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I have a 30 year old house, which I have owned for the last five years. The gutters are getting old and I want to replace all. Other than being old and rusty they are working fine based on my observation. However, I am very confused by the following situation: I asked several gutter companies about this, but I get different answers, and I am not sure how I am going to hire the right contractor. I have attached an image from my house. As you can see there are wood blocks (1/2 inch thick) every ~16 inches between fascia and gutter (4 inch size). I am not sure why there is a gap between gutter and fascia board. Does it have any function?

So far the answers I got from the contractors:

  1. They do not know.
  2. It might be aesthetic.
  3. Gutters were too narrow, original installer needed extra space to extend the gutter relatively to the roof edge.

Proposed solutions I got so far:

  1. Remove the wood blocks and put an 5 inch gutter it will compensate for the gap. Gap is not needed.
  2. Remove the wood blocks and install same size 4 inch gutter, as gap is too small to make difference.
  3. Do not remove the blocks install same size gutter without any modification.
  4. Some wood blocks are old, needs to be replaced, but I do not want to cut them there are too many of them. Instead, I will put another half an inch thick Azek Fascia on the existing fascia to provide the same distance between the roof edge and the gutter (this proposal will remove the gap. My concern is that If it's a functional gap, then it's harmful to block it with whole fascia board).

I am not very experienced home owner. I thought that this should be very easy job for gutter companies. It's not a rocket science. On the other hand, I am getting many conflicting answers that shake my confidence in the contractor. I am ready to hire someone, I just do not know who to trust.

Any expert opinion is much appreciated. Thanks.enter image description here

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    Ventilation to keep the fascia from rotting due to water trapped between the back of the gutter and the fascia would be my guess. Frankly that section of roof seems to have the drip-edge rather close to the facsia, rather than overhanging what I'd call a "normal" amount so that water would reliably drip off it rather than run down the fascia, but that might just be a poor angle of picture misleading me. – Ecnerwal Jun 18 at 2:02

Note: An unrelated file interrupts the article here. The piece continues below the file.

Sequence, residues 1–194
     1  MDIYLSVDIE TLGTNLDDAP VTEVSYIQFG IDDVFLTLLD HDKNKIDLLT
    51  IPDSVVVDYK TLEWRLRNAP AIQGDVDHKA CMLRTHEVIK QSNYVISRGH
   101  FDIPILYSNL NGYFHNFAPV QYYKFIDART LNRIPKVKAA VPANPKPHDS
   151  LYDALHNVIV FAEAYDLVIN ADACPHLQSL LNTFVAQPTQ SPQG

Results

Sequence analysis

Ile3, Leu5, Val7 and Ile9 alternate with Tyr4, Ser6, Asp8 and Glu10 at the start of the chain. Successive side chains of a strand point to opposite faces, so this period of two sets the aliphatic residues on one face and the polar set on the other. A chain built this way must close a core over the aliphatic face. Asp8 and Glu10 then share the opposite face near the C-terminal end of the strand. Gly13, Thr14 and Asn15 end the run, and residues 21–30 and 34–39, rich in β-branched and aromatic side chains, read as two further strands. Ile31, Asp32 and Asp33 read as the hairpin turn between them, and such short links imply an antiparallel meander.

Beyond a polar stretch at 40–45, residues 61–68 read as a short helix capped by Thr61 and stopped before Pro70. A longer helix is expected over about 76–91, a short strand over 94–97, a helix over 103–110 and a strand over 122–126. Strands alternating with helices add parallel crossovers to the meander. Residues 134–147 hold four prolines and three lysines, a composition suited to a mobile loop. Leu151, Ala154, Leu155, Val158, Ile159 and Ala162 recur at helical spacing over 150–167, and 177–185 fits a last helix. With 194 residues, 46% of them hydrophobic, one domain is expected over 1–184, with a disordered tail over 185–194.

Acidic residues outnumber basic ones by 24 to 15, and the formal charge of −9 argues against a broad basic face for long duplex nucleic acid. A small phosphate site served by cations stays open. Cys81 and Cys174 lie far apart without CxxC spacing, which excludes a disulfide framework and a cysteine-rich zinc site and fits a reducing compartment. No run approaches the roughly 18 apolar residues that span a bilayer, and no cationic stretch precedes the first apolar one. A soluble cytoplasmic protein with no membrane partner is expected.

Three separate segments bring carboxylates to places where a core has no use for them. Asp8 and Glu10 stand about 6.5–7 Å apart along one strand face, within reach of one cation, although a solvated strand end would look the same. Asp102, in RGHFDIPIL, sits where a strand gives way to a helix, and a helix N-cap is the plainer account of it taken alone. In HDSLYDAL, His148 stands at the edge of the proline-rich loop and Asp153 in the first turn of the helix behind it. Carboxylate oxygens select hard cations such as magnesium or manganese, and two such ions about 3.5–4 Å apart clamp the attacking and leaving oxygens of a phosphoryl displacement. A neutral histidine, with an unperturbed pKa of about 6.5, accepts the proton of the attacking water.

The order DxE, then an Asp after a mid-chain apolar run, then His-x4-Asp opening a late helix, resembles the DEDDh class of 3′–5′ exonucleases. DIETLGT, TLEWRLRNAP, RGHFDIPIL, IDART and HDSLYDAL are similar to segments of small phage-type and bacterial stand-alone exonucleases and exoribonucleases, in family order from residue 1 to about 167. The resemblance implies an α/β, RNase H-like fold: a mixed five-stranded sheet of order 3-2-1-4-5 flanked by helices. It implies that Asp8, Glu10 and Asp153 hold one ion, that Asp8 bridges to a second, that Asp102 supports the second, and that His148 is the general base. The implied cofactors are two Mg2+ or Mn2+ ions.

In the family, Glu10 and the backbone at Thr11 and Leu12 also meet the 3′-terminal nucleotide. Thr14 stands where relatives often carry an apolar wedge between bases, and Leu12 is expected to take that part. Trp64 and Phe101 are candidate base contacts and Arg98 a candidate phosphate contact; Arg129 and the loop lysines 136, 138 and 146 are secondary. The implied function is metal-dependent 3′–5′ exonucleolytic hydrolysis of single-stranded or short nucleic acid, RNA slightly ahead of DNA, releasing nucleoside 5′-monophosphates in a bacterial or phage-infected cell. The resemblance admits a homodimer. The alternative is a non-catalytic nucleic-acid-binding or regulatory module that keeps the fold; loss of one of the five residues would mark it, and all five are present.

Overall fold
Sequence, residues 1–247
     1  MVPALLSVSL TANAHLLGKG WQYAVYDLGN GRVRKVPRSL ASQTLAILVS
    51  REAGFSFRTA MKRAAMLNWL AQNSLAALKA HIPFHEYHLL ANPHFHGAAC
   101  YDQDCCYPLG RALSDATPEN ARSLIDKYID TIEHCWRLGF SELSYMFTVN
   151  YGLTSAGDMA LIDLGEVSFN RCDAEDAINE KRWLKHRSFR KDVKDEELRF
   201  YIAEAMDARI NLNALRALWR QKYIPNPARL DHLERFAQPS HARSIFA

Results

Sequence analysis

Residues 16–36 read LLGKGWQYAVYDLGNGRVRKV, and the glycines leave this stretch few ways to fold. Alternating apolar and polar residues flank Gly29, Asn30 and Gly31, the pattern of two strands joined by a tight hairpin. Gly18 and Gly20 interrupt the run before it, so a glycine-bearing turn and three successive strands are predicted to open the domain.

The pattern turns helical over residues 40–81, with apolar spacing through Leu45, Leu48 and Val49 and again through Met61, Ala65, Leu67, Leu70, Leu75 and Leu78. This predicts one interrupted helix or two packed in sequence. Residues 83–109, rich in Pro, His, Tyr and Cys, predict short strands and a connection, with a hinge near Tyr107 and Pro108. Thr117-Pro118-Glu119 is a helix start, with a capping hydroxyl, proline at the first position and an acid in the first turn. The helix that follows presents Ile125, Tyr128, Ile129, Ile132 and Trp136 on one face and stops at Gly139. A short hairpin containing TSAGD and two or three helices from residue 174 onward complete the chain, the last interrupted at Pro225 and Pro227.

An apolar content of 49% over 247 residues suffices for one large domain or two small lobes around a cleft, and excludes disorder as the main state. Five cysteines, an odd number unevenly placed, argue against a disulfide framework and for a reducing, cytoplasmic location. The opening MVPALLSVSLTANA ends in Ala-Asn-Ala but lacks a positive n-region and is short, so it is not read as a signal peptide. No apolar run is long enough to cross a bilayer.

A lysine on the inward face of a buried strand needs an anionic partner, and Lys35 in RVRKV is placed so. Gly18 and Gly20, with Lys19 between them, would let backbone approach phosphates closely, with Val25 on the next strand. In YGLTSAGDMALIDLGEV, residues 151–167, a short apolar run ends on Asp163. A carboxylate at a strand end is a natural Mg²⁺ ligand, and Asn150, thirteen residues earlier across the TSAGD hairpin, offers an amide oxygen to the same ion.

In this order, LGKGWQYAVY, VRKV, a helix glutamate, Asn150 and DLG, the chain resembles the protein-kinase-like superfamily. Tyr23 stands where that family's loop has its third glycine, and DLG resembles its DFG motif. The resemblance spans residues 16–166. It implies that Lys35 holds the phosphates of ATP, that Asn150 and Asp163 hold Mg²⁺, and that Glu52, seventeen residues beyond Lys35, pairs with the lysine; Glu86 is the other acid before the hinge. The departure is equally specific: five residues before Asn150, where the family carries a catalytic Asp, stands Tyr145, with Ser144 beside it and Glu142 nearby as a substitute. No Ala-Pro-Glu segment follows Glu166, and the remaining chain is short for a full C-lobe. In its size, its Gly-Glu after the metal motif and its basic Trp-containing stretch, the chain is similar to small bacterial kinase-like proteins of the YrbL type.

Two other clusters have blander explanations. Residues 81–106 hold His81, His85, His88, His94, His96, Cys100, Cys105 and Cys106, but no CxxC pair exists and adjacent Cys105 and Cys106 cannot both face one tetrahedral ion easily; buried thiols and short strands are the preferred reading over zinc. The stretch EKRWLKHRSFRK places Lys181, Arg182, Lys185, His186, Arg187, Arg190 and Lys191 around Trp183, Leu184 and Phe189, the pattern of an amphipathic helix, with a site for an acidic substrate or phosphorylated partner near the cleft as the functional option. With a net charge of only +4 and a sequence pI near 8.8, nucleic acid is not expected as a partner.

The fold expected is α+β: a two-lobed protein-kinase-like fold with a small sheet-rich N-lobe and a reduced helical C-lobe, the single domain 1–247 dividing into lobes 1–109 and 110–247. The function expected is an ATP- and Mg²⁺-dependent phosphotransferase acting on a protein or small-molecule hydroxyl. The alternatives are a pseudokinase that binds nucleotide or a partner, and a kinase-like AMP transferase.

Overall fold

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    You are right about drip edge. It's touching the fascia. No gap between fascia and drip edge. If that was the question. Again I am surprised that no contractor mention anything about it. And ventilation theory makes sense. – Supertech Jun 18 at 2:06
  • Is that the only section with the blocks? – Jack Jun 18 at 4:58
  • No all the gutters have it. Total 147 foot long gutter. – Supertech Jun 18 at 10:31
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    run off doesn't fall straight down; it curves away from the roof. if the gutters were flush and as low as they are, heavy rain would shoot right over the trough. why are they that low? you must live in an area with lots of snow/ice; the lower height keeps sliding ice chunks from ripping out the gutter, they pass right over it as they slide down. – dandavis Jun 18 at 15:58
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One purpose of those block may be to extend the mounting point for the gutter. Look at how the gutter is attached to those block and where the fascia lower edge is in relationship to the gutter. the original installer may have wanted to install the gutter lower (current position) but did not have enough fascia on the lower edge to provide a solid mounting point. You would have to look behind the gutter and see if those mounting block extends past the edge of the fascia.

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  • No fascia is wider. No reason to put mounting block to lower the gutter. – Supertech Jun 18 at 10:34

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